# © 2007 Bart J. Wilson B1 Buyer 1 UnitValue 1 st \$9 2 nd \$6 3 rd \$3 Buyer 1’s Demand.

## Presentation on theme: "© 2007 Bart J. Wilson B1 Buyer 1 UnitValue 1 st \$9 2 nd \$6 3 rd \$3 Buyer 1’s Demand."— Presentation transcript:

© 2007 Bart J. Wilson B1 Buyer 1 UnitValue 1 st \$9 2 nd \$6 3 rd \$3 Buyer 1’s Demand

© 2007 Bart J. Wilson B2 B1 Another way to see this is to sort the individual values to get a single value schedule. Buyer 1 UnitValue 1 st \$9 2 nd \$6 3 rd \$3 + Buyer 2 UnitValue 1 st \$8 2 nd \$5 3 rd \$2 = All Buyers UnitValue 1 st \$9 2 nd \$8 3 rd \$6 4 th \$5 5 th \$3 6 th \$2

© 2007 Bart J. Wilson S1 Seller 1 UnitCost 1 st \$1 2 nd \$4 3 rd \$7 Seller 1’s Supply

© 2007 Bart J. Wilson Seller 3 UnitCost 1 st \$3 2 nd \$6 3 rd \$9 Seller 1 UnitCost 1 st \$1 2 nd \$4 3 rd \$7 + Seller 2 UnitCost 1 st \$2 2 nd \$5 3 rd \$8 = + S1 S2 S3 Just like for buyers we can add up all of the individual seller’s cost schedules.

© 2007 Bart J. Wilson B1 B2 B3 B1 B2 B3 B1 B2 B3 S1 S2 S3 S1 S2 S3 S1 S2 S3 We can now combine the supply and demand graphs together in one picture like this.

© 2007 Bart J. Wilson B1 B2 B3 B1 B2 B3 B1 B2 B3 S1 S2 S3 S1 S2 S3 S1 S2 S3 When will the price be in equilibrium?

© 2007 Bart J. Wilson B1 B2 B3 B1 B2 B3 B1 B2 B3 S1 S2 S3 S1 S2 S3 S1 S2 S3 When will the price be in equilibrium? When excess demand and excess supply are zero.

© 2007 Bart J. Wilson B1 B2 B3 B1 B2 B3 B1 B2 B3 S1 S2 S3 S1 S2 S3 S1 S2 S3 We call this a competitive equilibrium, or, the price at which the quantity demanded equals the quantity supplied. Buyers want to buy 5 units and sellers want to sell 5 units. P = \$5

© 2007 Bart J. Wilson B1 B2 B3 B1 B2 B3 B1 B2 B3 S1 S2 S3 S1 S2 S3 S1 S2 S3 P = \$5 A competitive equilibrium also predicts that the resulting trades will be efficient. But what is meant by efficient or efficiency?

© 2007 Bart J. Wilson B1 B2 B3 B1 B2 B3 B1 B2 B3 S1 S2 S3 S1 S2 S3 S1 S2 S3 Suppose Buyer 2 trades a first unit with Seller 3 at a price of \$4.25. \$8 \$3 Gains from trade equal \$5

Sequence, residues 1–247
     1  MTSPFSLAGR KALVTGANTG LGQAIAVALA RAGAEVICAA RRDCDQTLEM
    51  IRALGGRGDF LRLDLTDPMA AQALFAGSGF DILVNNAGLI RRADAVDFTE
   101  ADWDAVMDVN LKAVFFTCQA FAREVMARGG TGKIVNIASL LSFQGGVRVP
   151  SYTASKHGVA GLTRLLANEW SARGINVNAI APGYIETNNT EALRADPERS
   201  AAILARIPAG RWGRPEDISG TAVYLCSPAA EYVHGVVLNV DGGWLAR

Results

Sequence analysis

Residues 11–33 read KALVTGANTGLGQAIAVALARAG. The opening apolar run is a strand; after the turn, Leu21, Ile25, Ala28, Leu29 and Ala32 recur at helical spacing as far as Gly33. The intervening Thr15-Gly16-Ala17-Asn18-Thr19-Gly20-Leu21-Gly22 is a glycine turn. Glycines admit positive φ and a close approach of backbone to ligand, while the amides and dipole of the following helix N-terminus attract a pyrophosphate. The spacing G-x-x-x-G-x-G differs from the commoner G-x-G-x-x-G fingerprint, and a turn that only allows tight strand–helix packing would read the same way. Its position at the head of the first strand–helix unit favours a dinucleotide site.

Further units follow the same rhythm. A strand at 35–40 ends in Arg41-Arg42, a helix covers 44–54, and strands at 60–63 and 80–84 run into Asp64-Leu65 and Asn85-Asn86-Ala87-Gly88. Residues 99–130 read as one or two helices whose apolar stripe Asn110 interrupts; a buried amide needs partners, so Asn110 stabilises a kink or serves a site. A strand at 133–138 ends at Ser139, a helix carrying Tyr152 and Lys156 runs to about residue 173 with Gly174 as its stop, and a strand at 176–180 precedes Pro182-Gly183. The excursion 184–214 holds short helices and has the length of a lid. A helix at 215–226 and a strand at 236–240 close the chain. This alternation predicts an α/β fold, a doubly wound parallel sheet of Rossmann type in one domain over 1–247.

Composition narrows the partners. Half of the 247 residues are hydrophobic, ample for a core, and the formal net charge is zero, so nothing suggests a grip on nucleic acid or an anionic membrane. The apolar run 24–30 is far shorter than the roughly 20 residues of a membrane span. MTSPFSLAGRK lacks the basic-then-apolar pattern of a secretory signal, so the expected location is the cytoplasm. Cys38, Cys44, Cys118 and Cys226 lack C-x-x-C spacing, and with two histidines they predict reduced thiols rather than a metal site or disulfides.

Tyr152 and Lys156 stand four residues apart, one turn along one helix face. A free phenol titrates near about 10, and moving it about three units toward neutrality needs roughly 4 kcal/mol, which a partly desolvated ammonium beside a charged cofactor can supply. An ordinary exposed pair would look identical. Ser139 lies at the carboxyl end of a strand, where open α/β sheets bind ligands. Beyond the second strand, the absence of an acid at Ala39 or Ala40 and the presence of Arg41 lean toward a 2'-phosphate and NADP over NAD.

© 2007 Bart J. Wilson B1 B2 B3 B1 B2 B3 B1 B2 B3 S1 S2 S3 S1 S2 S3 S1 S2 S3 Suppose Buyer 2 trades a first unit with Seller 3 at a price of \$4.25. Buyer 2’s profit or consumer surplus is \$8 – 4.25 = \$3.75. Seller 3’s profit or producer surplus is \$4.25 – 3.00 = \$1.25. Surplus is a measure of the gains from trade. Both buyers and sellers gain from a trade.

© 2007 Bart J. Wilson B1 B2 B3 B1 B2 B3 B1 B2 B3 S1 S2 S3 S1 S2 S3 S1 S2 S3 Consumer Surplus is the difference between what customers are willing to pay and what they actually pay. Producer Surplus is the difference between what the sellers receive and what they are willing to receive. Total Surplus = Producer + Consumer surplus.

© 2007 Bart J. Wilson B1 B2 B3 B1 B2 B3 B1 B2 B3 S1 S2 S3 S1 S2 S3 S1 S2 S3 At the competitive equilibrium price of \$5, B1 and B2, will each buy two units, and B3 will buy one unit. Also, S1 and S2 will each sell 2 units, and S3 will sell one unit. Total gains from trade (or surplus) are given by the green shaded area. Adding up the green squares we find that total surplus (producer + consumer) is \$20.

© 2007 Bart J. Wilson B1 B2 B3 B1 B2 B3 B1 B2 B3 S1 S2 S3 S1 S2 S3 S1 S2 S3 The total surplus calculated from the competitive equilibrium is also the maximum possible surplus that can be generated from trade. Can you see why? For any given set of trades we can calculate the actual surplus generated by those trades. Market efficiency is total surplus realized divided by the maximum possible total surplus.

© 2007 Bart J. Wilson B1 B2 B3 B1 B2 B3 B1 B2 B3 S1 S2 S3 S1 S2 S3 S1 S2 S3 The total surplus calculated from the competitive equilibrium is also the maximum possible surplus that can be generated from trade. Can you see why? For any given set of trades we can calculate the actual surplus generated by those trades. Efficiency (%) = Realized (PS + CS) Maximum Possible (PS + CS)

© 2007 Bart J. Wilson OK…So What Happened in Our Market?

© 2007 Bart J. Wilson The Oral Double Auction Individuals choose purposefully. –Interacting non-cooperatively and impersonally, a market of individuals simultaneously maximizes: (1) An individual’s return intentionally and (2) The aggregate social gains from exchange unintentionally. –“an end which was no part of his intention” (Adam Smith, 1776) “The most significant fact about this (price) system is the economy of knowledge with which it operates, or how little the individual participants need to know in order to be able to take the right action” (Hayek, 1945).